A myHT Fortress

Wednesday, December 21, 2011

THE Birth Announcement: A Homily on Luke 1:26-38

Luke 1:26-38

4th Sunday in Advent

18 December 2011

St. John's, Chicago, IL

In the Name of the Father and of the +Son and of the Holy Spirit. Amen.

Ben was born around 9:30 at night, so when the excitement and activity was over, we fell asleep somewhere around midnight. The next morning, Kristi was up and eagerly addressing birth announcements between 5 and 6 a.m. She had already cut the blue paper and the white paper, rubber stamped the design, and layered the cut-outs. We knew he was a boy, and so already had his name printed on the cards. Only the details of his length and weight and so on, needed to be completed. Soon, dozens of friends would know!

Of course now, with Facebook, there are births that several hundred people find out about, perhaps within moments of their occurrences. We need look no further back than the last week or two. Just think for a minute how many people -- around the world! -- knew about Xander Fasshauer's and Anna Wier's births, within hours! So instantaneous! Still, in either of these situations, the baby is "announced" following the birth.

When was Jesus' birth announced? Well, angels filled the sky, praising God in the sight of the Bethlehem shepherds right away that night. A star was placed by God, so that the wise men would see it and come. But you know, even before it happened, God was at work to announce the Savior's birth.

This morning we hear the greatest birth in history, being announced nine months before it happened! The archangel Gabriel had the honor of being the one sent by God to the Blessed Virgin Mary, proclaiming to her that she would have the amazing blessing of being the Mother of God the Son. And she has a very different reaction than her cousin-in-law, Zechariah.

Zechariah had also received a visit from Gabriel. About six months earlier. But when he heard that he and his wife, in their advanced age, were finally going to have a baby, he reacted with the unbelief of his ancestor Sarah, the wife of Abraham. He might not have laughed, but he thought it ridiculously impossible. But Gabriel reminds us, "With God, nothing shall be impossible."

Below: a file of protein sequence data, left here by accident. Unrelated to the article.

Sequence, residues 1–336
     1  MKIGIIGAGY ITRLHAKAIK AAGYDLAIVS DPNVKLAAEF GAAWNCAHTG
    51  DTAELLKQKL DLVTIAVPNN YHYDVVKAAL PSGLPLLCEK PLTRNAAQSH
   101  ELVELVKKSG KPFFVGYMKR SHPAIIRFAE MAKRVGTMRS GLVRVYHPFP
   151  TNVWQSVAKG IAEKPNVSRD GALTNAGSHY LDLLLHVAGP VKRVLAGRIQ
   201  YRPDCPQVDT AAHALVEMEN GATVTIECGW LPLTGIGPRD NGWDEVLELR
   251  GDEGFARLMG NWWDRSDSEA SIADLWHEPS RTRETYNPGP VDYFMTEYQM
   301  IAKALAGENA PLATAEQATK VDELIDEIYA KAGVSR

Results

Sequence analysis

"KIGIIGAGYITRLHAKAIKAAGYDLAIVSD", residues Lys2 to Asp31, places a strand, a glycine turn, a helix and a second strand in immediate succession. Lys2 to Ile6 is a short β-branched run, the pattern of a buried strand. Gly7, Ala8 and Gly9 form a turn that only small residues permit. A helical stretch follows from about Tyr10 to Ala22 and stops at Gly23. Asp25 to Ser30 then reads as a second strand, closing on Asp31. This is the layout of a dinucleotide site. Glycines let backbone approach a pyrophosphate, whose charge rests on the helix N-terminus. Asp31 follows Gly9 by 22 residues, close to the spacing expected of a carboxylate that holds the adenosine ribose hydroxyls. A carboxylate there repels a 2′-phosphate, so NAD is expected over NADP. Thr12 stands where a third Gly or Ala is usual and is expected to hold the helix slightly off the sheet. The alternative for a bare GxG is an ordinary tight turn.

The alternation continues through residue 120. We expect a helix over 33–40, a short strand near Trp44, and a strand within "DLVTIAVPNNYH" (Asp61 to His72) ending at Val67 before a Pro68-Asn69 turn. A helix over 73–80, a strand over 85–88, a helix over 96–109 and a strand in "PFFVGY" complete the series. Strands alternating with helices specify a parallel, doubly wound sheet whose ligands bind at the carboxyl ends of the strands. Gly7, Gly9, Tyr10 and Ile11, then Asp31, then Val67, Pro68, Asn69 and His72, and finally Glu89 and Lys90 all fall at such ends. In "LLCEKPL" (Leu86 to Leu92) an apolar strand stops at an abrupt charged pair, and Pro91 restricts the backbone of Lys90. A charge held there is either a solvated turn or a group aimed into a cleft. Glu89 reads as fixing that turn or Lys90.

You often join Zechariah in unbelief. Something is too good to be true. Or specifically, the Word of the Lord speaks something that is too amazing, too wonderful to really come to pass. And so it is easier to doubt or deny the Word of God than to believe it. The devil, the world, and your sinful self can work at you until you weary and fade into such unbelief. Anyone can fall prey to them. Look! Zechariah was even a faithful priest, who knew God's Word! And he still doubted when an angel preached to him, at the temple!

But then there is Mary. The Blessed Virgin hears the Word of the Lord, proclaimed by the angel, and believes it. Unlike Zechariah who doubts and disbelieves, Mary is in awe and amazement, yet welcomes this miracle, "Let it be to me, according to your word."

Zechariah, it would seem, is like your Old Adam. He hears the Word of God, but doubts. He chuckles and says, "That would be great, but it'll never happen." Of all people, one of God's priests should hear and believe His Word, but Zechariah falls into the same damning disbelief as you and the rest of the world.

On the other hand, the Virgin Mary is like the new creature that God made you at Baptism. In fact, often Mary is spoken of as a symbol for the entire Church. She receives the Word of God and believes it. She ponders it. Treasures it. She hears the blessed preaching of the angel, and in essence joins the prayer, "O come, o come, Emmanuel!"

Baptized into Christ, you have been given this faith. You hear the Word of God, and receive it. You now kneel with Mary, and eat and drink the Body and Blood of her Son, whom you adore, at His altar.

At the Annunciation, the Blessed Virgin Mary received Him into her body, as a tiny cell placed in her womb. He entered human flesh, to bring forgiveness and life and salvation for all. Now you receive Him into your body -- Him who came into the flesh for you! He enters you and transforms you, forgiving you, and bringing life and salvation.

How amazing! The Lord God forgives and renews you in the annunciation of His Gospel, whether preached by Gabriel to the Blessed Virgin, or by generations of pastors to you, His Church. And he forgives and renews as He continually enters human flesh, from that first moment as Gabriel spoke to Mary, to now at His Holy Eucharist, to the day when we see Him in His fulfilled glory.

Yes, in this advent season, you hear, receive, and celebrate your Savior whose birth was announced by the angel, even as He was conceived. You rejoice that He who came, comes even now in His Holy Word and Sacraments, and will come again, to gather you into His everlasting Kingdom. "Rejoice! Rejoice! Emmanuel shall come to thee, O Israel!" Amen.

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